9. TomVols

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    I agree. Of course I would...I'm a Reds' fan!

    The '91 series was a very good one, maybe top five of all time. The Rent-A-Braves make it hard for me to give that props. At least they lost :)
     
  10. TomVols

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    CCRobinson wrote:
    Amen and Amen.
     
  11. Andy T.

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    Don't get me started, Dustin - I don't have time for this! I tend to agree with you about '91, except 4 of the games were played in the worst sports stadium of ALL-TIME! Let me count to ten. ;) I watched all of Games 6 and 7 in the "commons area" at my college (my senior year). Those were two very exciting games! If Lonnie Smith doesn't get fooled by Chuck Knoblach on a decoy, the Braves would have won Game 7 in 9 innings. Poor Lonnie, he was never a very good baserunner despite having blazing speed. The '91 NLCS was a great one, too (as was '92 - remember Sid Bream chugging into home).

    You're tempting me to post another list of the Greatest World Series' of All-Time. Without taking much thought, here are some ones that pop into my head after perusing the list from 1903-2006:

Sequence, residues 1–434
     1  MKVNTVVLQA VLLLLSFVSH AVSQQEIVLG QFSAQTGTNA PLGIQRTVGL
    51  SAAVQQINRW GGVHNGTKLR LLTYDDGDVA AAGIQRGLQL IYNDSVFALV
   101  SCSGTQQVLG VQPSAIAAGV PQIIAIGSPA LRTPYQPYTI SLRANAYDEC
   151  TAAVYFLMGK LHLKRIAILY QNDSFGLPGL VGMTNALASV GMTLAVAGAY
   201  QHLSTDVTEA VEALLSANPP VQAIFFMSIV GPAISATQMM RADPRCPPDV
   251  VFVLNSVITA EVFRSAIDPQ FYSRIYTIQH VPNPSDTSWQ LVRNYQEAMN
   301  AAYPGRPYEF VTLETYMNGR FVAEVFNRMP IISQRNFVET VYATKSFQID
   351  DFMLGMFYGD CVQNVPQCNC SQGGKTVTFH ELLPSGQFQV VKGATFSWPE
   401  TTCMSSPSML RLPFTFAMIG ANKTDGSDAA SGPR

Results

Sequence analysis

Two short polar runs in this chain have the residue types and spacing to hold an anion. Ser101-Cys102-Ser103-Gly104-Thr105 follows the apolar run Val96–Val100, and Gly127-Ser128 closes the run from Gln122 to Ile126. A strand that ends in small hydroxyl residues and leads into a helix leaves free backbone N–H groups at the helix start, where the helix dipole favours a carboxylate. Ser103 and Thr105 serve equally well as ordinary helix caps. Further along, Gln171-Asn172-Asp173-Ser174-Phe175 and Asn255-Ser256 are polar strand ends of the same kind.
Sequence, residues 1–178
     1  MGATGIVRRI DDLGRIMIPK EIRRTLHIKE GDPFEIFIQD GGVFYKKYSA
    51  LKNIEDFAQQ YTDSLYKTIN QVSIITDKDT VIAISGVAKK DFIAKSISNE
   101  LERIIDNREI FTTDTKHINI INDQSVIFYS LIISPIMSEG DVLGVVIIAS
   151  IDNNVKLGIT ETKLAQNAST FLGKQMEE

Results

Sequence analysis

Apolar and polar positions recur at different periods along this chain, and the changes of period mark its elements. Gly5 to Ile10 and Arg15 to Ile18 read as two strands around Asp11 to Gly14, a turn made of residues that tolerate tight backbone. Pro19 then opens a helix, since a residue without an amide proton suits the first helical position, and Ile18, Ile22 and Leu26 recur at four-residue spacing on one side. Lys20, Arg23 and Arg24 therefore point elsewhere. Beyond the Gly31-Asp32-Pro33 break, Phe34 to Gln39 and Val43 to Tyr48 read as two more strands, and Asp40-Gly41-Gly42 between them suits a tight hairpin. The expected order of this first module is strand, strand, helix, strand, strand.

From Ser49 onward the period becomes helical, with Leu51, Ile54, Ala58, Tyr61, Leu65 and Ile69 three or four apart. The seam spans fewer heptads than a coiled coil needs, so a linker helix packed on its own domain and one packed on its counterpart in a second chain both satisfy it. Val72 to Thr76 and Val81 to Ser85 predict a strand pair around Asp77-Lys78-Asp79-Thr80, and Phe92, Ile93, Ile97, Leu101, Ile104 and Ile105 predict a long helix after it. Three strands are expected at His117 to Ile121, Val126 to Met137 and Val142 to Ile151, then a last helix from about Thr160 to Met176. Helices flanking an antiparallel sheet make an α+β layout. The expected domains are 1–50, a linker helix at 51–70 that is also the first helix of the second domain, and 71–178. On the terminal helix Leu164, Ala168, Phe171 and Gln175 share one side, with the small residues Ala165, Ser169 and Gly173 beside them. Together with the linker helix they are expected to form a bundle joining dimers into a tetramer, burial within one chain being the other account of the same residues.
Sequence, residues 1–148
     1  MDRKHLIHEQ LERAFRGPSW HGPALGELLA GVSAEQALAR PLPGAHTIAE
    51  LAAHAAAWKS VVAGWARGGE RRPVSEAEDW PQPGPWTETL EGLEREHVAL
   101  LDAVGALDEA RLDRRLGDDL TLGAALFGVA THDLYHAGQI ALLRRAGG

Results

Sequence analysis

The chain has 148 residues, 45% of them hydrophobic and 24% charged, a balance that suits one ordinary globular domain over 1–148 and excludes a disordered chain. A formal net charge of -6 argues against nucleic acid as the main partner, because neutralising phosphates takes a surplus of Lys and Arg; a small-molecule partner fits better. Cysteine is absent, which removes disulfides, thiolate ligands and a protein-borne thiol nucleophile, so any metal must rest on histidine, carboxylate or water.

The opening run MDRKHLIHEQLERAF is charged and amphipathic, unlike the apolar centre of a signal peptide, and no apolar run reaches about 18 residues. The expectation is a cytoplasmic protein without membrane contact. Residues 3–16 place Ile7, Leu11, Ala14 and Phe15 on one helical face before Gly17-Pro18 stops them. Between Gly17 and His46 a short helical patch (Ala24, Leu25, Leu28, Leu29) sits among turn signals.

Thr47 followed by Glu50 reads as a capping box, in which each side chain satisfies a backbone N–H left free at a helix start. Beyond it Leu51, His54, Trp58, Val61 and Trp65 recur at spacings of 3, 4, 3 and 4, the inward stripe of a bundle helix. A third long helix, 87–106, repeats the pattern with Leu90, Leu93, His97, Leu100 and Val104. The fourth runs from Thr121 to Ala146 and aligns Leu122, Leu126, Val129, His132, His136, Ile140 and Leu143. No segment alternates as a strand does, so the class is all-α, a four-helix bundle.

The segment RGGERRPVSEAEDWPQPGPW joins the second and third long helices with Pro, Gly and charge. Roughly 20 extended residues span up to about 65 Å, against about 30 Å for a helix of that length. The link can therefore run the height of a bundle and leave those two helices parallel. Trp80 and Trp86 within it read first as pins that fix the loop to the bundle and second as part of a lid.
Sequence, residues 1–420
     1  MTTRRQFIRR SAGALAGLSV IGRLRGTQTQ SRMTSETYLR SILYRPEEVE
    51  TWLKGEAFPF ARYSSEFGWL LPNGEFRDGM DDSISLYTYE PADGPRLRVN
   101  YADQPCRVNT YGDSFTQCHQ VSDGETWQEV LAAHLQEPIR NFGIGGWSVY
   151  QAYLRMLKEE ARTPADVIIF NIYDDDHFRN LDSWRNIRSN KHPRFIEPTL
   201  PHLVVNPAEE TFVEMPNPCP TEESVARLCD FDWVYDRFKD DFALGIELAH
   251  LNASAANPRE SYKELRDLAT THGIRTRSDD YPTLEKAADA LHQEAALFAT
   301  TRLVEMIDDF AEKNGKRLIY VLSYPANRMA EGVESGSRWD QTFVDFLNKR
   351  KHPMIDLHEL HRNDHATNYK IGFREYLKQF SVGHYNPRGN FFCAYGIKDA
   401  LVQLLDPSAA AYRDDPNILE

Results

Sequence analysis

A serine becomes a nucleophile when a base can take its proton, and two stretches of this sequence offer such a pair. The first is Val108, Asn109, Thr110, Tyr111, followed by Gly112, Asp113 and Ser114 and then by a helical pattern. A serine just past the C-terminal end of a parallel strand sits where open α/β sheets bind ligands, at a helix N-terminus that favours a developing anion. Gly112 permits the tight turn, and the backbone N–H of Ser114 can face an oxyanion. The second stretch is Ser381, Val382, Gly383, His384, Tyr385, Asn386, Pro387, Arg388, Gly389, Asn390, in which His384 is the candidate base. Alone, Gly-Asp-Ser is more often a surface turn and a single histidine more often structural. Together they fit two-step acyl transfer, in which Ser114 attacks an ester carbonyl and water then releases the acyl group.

'75 (probably the consensus #1)
    '01 (D-Backs/Yankees)
    '91 (probably top 5 for sure)
    '68 (Tigers/Cardinals)
    '86 (Sloppy Series - but exciting nonetheless)
    '79 (Pirates/Orioles)
    '64 (Cards/Yanks)
    '62 (Yanks/Giants)
    '60 (Pirates/Yanks)
    '57 (Braves/Yanks)
    '55 (Bums/Yanks)
    '52 (Yanks/Bums)
    '47 (Yanks/Bums)
    '34 (Cards/Tigers)
    '26 (Cards/Yanks)
    '25 (Pirates/Senators)
    '24 (Senators/Giants)
    '12 (Red Sox/Giants)
     
    #11 Andy T., Mar 26, 2007
    Last edited by a moderator: Mar 26, 2007
  12. Andy T.

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    '75 was a great Series even without Fisk's homer. Game 6 itself was a classic going into extra innings. Most people forget Bernie Carbo's pinch-hit 3-run homer in the 8th inning tied the game. And it was a monster shot - going to straight-away center. There were also other memorable moments, like Dwight Evans robbing Joe Morgan of a homer in right-field, and I think Dewey also threw someone out at home, too. Game 7 was a classic, too - the Reds erased a 3-0 deficit and scored in the top of the 9th with a single by Morgan, I think. Look at the other games - Game 2 was a one-run game with Cincy coming from behind in the 9th; Game 3 - one-run game with the Sox rallying to tie, but Cincy winning in the 10th; Game 4 was another one-run game. The Series had run-scoring mixed in with a few pitching gems. Plus, it had the added factor of exhibiting arguably one of the greatest teams of all-time.

    This is all subjective, but I think the '75 Series stands apart from the others.